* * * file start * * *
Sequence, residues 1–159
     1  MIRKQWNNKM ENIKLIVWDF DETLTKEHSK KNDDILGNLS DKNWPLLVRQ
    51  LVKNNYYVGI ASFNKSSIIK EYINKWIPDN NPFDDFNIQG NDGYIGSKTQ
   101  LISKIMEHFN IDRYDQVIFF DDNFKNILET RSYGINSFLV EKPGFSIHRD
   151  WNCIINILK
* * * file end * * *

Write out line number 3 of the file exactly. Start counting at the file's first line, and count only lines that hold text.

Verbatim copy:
    51  LVKNNYYVGI ASFNKSSIIK EYINKWIPDN NPFDDFNIQG NDGYIGSKTQ